To address long-standing staffing challenges, the government has launched one of the largest recruiting and training drives in the province’s history, to deliver on its commitment to provide an average of four hours of daily direct care for residents. This will make Ontario the Canadian leader in the provision of care.
To implement its staffing plan, Ontario is increasing annual investments, culminating in $1.9 billion contributed annually by 2024-25, to create more than 27,000 new positions for personal support workers, registered nurses and registered practical nurses in long-term care.
During the second wave, the province has enhanced testing requirements for long-term care homes, and deployed rapid tests through a proof-of-concept program, recognizing the importance of identifying a case of the virus before it can spread from the community into a long-term care home.
The province’s vaccine strategy prioritizes the most vulnerable populations first, including health care workers and residents of long-term care homes, who are at higher risk of contracting the virus. The government has committed that the residents and staff in all long-term care homes in Ontario will be vaccinated by Feb. 15, if they want to be vaccinated.
To address urgent staffing challenges in long-term care homes, hospitals have deployed rapid response teams of health care professionals. Additionally, the Ontario Workforce Reserve for Senior Support program is recruiting Resident Support Aides. The province has also put in place a Personal Support Worker Return of Service program and is fast tracking Personal Support Worker education and providing supports for new nursing graduates. Community paramedics have also assisted in homes, providing care and help with testing.
funding for Infrastructure
The Ontario government is making another investment in small, rural and northern communities. Through the Ontario Community Infrastructure Fund (OCIF), Ontario continues to support municipalities as they build and repair roads, bridges, water and wastewater infrastructure.
This year, Huron-Bruce will receive more than $8.8 million across the two counties and 14 municipalities to address their local community infrastructure needs.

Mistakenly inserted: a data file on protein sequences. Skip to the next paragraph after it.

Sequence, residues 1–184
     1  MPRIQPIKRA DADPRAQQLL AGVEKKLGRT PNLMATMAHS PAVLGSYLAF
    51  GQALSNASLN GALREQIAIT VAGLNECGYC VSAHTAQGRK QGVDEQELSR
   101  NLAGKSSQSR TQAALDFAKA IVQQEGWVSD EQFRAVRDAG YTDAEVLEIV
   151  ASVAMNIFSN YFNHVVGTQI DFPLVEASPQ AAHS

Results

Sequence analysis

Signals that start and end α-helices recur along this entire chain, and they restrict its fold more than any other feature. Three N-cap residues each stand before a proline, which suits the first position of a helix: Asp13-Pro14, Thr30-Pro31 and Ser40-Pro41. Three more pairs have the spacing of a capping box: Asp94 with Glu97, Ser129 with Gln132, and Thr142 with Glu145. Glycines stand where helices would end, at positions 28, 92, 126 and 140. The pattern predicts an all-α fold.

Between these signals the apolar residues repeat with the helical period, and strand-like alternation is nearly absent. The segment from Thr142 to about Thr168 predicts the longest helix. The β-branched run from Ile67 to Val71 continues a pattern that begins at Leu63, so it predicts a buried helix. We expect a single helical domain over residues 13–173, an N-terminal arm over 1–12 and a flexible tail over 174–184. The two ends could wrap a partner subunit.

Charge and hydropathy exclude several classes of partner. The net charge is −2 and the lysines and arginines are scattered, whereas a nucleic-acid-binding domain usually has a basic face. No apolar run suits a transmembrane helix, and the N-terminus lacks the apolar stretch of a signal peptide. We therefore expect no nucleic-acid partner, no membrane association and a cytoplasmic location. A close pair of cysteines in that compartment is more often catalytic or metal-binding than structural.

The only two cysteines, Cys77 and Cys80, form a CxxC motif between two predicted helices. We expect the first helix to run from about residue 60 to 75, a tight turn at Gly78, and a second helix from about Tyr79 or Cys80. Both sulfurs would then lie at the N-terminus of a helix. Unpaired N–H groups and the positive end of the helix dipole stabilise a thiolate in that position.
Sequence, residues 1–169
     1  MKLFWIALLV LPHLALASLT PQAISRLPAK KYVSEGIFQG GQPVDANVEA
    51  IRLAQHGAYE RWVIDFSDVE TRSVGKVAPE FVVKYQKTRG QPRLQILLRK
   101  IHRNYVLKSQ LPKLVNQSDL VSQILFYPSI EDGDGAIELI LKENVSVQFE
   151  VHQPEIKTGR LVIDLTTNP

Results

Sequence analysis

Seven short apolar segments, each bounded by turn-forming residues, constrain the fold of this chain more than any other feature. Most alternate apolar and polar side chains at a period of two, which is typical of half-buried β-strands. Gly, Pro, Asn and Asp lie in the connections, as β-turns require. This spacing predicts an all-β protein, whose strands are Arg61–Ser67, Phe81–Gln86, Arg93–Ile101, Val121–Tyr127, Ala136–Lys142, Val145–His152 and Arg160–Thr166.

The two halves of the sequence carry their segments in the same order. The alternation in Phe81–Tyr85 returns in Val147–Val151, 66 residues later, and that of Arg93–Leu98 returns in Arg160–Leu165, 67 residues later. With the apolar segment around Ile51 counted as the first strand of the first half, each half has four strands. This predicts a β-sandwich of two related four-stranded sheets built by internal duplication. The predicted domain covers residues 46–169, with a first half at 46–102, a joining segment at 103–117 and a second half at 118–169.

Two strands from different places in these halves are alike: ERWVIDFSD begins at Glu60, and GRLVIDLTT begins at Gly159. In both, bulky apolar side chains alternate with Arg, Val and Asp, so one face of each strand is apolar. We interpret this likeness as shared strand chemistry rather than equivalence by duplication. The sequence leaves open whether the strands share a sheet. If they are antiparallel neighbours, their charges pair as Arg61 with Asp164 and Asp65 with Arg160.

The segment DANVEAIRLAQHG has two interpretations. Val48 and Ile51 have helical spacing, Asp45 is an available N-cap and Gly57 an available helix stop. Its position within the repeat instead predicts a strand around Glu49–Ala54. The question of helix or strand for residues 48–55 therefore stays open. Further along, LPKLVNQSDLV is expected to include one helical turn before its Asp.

“Infrastructure projects are especially important in rural Ontario communities,” said Huron-Bruce MPP Lisa Thompson. “This funding will help build and repair roads, bridges, water and wastewater infrastructure in our community.”
Total investment in communities across Huron-Bruce are as follows: Huron County, $2,417,826; Bruce County, $660,950; Morris-Turnberry, $120,830; Ashfield-Colborne-Wawanosh, $238,800; Huron-Kinloss, $275,793; Municipality of Bluewater, $286,380; Municipality of Brockton, $301,518; Township of North-Huron, $316,651 Municipality of Huron-East, $431,716; Municipality of South Bruce, $432,080; Municipality of Central Huron, $483,847; Municipality of South Huron, $688,269; Municipality of Kincardine, $584,570; Town of Goderich, $628,685; Town of Saugeen Shores, $848,610; and Township of Howick, $88,051. The funds totaling $8,804,576.
The funding above is a part of Ontario’s approximately $200 million commitment to 424 communities to help them address their core infrastructure projects and asset management planning needs in 2021.
“By investing in infrastructure projects across the province, we are strengthening and building communities,” said Minister of Infrastructure, Laurie Scott. “This is part of our ongoing commitment to support small, rural and northern municipalities across Ontario, providing stable funding needed to build long-term economic resilience.”
The Ontario Community Infrastructure Fund provides stable and predictable funding for communities with populations under 100,000, along with all rural and northern communities.
Municipalities may accumulate their OCIF funding for up to five years to address larger infrastructure projects.
Ontario also provides funding to communities through the Investing in Canada Infrastructure Program (ICIP), a $30-billion, 10-year infrastructure program cost-shared between federal, provincial and municipal governments. Ontario’s share per project will be up to 33.33 per cent, or $10.2 billion spread across four streams: Rural and Northern, Public Transit, Green, and Community, Culture and Recreation.
Conservationist of the Year
Do you know a person, business, farm, community group, or organization doing work that protects water, soil, and habitat for living things in Ausable Bayfield watersheds? If so, you are invited to nominate them for the Conservationist of the Year Award.
Award nominations may be submitted until Feb. 24.
To submit a nomination, visit abca.ca for the nomination form and award information. The nomination form is found on this web page link: www.abca.ca/community/conservationistoftheyear/
People may also email email@example.com for more information.